In this paper, the authors investigate if a recurrent neural network (RNN) can exhibit this shift of representation during the recall task. The network is trained with stochastic gradient descent on a cost function that minimizes the difference between neural and network activity as well as performance in the task. This is necessary to make sure that the network is not just reproducing the dynamics but is actually solving the task too.

After training, the RNN presents the orthogonal (independent) geometry before the presentation of the cue (Panel b, figure above). This has the tendency to minimize interference between the different items that are kept in memory. However, during the post-cue interval, the representations in the RNN shift toward parallel subspace in a similar way to the experimental results. This is useful as the same mechanism can now be used to perform the readout of the information.

This research sheds light on how different representational properties could be learned by the brain as the RNN develops a similar geometry as the neural activity. Looking for the transition in neural geometry in neural recordings during training opens the door to understanding if biological learning follows similar principles to training RNNs.

Noise correlations in neural ensemble activity limit the accuracy of hippocampal spatial representations — O. Hazon et al. [4]

Hippocampal neurons are known to encode the position of an animal or subject in an environment. However, an inherent feature of biological neural networks is the presence of noise and variability in the activity. This leads to an immediate question about the network’s encoding capacity: Does the noise correlation of the neurons impacts the decoding of the position?

Indeed, if the noise is not correlated, then it is possible to average all the dynamics of all the neurons, and the noise will be averaged out, leading to accurate decoding of the position. On the contrary, in the case of noise correlation, the response of the neurons could deteriorate while doing the average, thus leading to inaccurate decoding. Thus the question of the noise correlations between units in neural networks is necessary to capture their efficiency in information retrieval.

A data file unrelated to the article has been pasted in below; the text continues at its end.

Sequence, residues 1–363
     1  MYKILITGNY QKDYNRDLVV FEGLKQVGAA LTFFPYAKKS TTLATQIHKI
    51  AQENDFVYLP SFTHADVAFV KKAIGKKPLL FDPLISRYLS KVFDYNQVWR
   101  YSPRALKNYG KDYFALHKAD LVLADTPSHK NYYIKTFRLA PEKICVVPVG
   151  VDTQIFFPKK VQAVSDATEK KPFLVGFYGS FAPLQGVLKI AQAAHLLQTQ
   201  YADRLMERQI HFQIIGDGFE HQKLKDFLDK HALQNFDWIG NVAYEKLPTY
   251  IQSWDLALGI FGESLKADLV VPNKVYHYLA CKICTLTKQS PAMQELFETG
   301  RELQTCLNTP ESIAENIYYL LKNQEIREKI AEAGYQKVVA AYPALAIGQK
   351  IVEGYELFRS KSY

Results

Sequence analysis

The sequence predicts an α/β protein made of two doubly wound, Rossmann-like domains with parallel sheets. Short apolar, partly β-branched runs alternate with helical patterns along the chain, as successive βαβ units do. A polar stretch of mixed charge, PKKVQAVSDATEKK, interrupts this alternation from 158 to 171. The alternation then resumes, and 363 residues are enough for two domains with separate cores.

The authors analyzed the accuracy of the spatial representation of up to 500 simultaneous neurons in mice. In order to obtain the effect of the noise correlations on the spatial decoding accuracy, they construct support vector machines (SVM) to estimate the position using the neural activity. In order to measure the effect of noise correlations on position decoding, they compare the decoding accuracy of the SVMs with the shuffled across trials neural activity (without noise correlations) and the one with correlations.

Image adapted from the Open Access paper (link) [4]

They show that, in the case of noise correlation, the decoding error reaches an asymptotic error (around 5cm, Figure above) but not in the case of no correlations. Thus hippocampal neurons exhibit information-limiting noise correlation, and it consists in a necessary feature to take into account when quantifying information increase during the learning of a task.


[1] Défossez, Alexandre, et al. “Decoding speech from non-invasive brain recordings.” arXiv preprint arXiv:2208.12266 (2022).

[2] Piwek, Emilia P., Mark G. Stokes, and Christopher P. Summerfield. “A recurrent neural network model of prefrontal brain activity during a working memory task.” bioRxiv (2022).

[3] Panichello, Matthew F., and Timothy J. Buschman. “Shared mechanisms underlie the control of working memory and attention.” Nature 592.7855 (2021): 601–605.

[4] Hazon, Omer, et al. “Noise correlations in neural ensemble activity limit the accuracy of hippocampal spatial representations.” Nature Communications 13.1 (2022): 1–13.

If you would me to review a specific research paper, don’t hesitate to send it to me at [email protected] so I can see if it’s suitable for this newsletter.

At the crossroad of Neuroscience, Data Science and Machine Learning — edition #1 was originally published in Towards AI on Medium, where people are continuing the conversation by highlighting and responding to this story.